Saltwater Crocodile - Crocodile hatchlings appear during March, the mother sometimes helps to dig out the hatching young, carrying them down to the relative safety of the water. Incubation temperatures in the nest will determine the gender of the offspring. Nest temperatures of 32-33°C will result in males, anything warmer or cooler produces females. Temperatures typically vary from the top of a nest to the bottom, producing both genders. A difference of 0.5 - 1ºC in incubation temperature results in markedly different sex ratios.
Daintree Rainforest Flowering Sequence – April sees the start of a sequence of Daintree Rainforest plant species ready to flower, (subject to seasonal conditions) both the Blackbean and Black Wattle can be seen flowering during this time. The World Heritage Rainforest is home to one of the highest populations of primitive flowering plants in the world, 12 of the 19 primitive species are found here.
Black-necked Stork - When looking for a mate, the male constructs a nest to try to attract a female. Breeding pairs stay together for a number of years, sometimes even for life. When the young hatch, they are naked and helpless and are taken care of by both parents for several weeks.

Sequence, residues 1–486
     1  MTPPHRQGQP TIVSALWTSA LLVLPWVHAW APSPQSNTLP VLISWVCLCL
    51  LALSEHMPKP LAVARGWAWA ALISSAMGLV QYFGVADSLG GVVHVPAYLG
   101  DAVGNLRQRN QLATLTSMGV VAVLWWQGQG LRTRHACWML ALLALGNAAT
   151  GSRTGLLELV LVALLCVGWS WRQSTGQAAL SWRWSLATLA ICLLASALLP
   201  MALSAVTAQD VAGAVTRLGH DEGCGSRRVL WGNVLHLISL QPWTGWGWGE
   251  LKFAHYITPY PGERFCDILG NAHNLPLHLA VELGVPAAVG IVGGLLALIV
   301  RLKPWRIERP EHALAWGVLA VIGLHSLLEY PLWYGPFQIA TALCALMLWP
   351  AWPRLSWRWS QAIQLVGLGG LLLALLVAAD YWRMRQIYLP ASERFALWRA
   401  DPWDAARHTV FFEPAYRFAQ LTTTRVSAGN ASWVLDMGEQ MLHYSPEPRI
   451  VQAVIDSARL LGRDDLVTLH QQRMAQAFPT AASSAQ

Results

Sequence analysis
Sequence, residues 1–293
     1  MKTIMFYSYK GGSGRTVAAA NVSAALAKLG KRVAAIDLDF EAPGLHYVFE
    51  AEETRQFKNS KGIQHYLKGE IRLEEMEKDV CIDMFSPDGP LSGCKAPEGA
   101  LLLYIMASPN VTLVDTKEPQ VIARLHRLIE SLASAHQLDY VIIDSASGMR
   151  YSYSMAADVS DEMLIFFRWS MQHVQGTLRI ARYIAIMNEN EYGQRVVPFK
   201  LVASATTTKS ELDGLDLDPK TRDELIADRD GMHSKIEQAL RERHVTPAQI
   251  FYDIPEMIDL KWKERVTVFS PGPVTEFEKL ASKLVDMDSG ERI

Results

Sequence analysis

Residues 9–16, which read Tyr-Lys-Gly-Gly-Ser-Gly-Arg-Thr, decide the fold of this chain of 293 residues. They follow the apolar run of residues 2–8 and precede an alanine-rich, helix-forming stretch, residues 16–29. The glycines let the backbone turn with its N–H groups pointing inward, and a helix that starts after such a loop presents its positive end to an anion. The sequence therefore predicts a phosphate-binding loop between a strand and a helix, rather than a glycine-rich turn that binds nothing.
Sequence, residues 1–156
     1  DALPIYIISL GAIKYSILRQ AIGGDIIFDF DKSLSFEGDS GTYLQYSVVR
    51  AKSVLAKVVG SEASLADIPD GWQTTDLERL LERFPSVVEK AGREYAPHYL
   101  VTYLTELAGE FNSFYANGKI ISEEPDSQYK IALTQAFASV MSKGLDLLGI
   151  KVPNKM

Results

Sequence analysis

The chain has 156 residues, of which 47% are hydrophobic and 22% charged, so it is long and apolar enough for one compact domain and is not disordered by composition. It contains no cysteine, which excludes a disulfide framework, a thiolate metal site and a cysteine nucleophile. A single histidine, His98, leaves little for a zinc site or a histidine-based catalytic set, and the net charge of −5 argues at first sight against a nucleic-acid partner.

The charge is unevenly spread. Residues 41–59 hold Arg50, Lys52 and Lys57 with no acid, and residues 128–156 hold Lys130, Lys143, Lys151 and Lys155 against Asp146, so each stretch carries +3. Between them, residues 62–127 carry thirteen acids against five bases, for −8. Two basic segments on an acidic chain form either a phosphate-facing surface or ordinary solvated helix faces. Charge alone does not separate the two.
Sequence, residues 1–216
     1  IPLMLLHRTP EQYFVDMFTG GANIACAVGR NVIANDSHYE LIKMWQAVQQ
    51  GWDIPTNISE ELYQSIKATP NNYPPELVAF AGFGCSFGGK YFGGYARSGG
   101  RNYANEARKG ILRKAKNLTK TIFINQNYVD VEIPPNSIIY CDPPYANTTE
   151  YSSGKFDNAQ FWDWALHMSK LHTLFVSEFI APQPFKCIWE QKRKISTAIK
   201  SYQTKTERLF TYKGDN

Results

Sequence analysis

Barramundi Season –The Barramundi Season runs between February and October. Barramundi are protandrous hermaphrodites, they start life as males, reaching maturity at around 3 to 4 years of age and later change gender and become females, usually at around age 5. The female produce large numbers of small, non-adhesive, pelagic eggs between 0.6 mm and 0.9 mm in diameter (one 22 Kg female was recorded as having 17 million eggs). The Barramundi are carnivores, feeding mainly on smaller fish as well as crustaceans. Highly prized by anglers for their fighting ability, barramundi are reputed to be good at avoiding fixed nets and best caught on lines with fishing lures, this fish has gained a reputation as one of Australia's finest eating fish.
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